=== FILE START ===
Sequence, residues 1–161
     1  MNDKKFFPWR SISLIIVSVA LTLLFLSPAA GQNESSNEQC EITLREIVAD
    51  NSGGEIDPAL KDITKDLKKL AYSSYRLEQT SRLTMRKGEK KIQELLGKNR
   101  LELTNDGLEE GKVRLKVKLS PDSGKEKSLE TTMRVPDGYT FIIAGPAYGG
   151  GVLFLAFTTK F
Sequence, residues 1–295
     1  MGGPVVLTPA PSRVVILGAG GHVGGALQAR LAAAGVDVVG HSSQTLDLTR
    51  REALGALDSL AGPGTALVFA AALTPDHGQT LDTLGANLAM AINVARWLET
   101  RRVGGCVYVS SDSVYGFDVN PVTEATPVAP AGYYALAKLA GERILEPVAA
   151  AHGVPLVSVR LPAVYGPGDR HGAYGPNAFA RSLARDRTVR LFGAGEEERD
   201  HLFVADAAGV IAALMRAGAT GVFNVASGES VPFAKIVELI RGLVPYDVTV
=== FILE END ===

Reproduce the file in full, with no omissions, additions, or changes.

Sequence, residues 1–161
     1  MNDKKFFPWR SISLIIVSVA LTLLFLSPAA GQNESSNEQC EITLREIVAD
    51  NSGGEIDPAL KDITKDLKKL AYSSYRLEQT SRLTMRKGEK KIQELLGKNR
   101  LELTNDGLEE GKVRLKVKLS PDSGKEKSLE TTMRVPDGYT FIIAGPAYGG
   151  GVLFLAFTTK F
Sequence, residues 1–295
     1  MGGPVVLTPA PSRVVILGAG GHVGGALQAR LAAAGVDVVG HSSQTLDLTR
    51  REALGALDSL AGPGTALVFA AALTPDHGQT LDTLGANLAM AINVARWLET
   101  RRVGGCVYVS SDSVYGFDVN PVTEATPVAP AGYYALAKLA GERILEPVAA
   151  AHGVPLVSVR LPAVYGPGDR HGAYGPNAFA RSLARDRTVR LFGAGEEERD
   201  HLFVADAAGV IAALMRAGAT GVFNVASGES VPFAKIVELI RGLVPYDVTV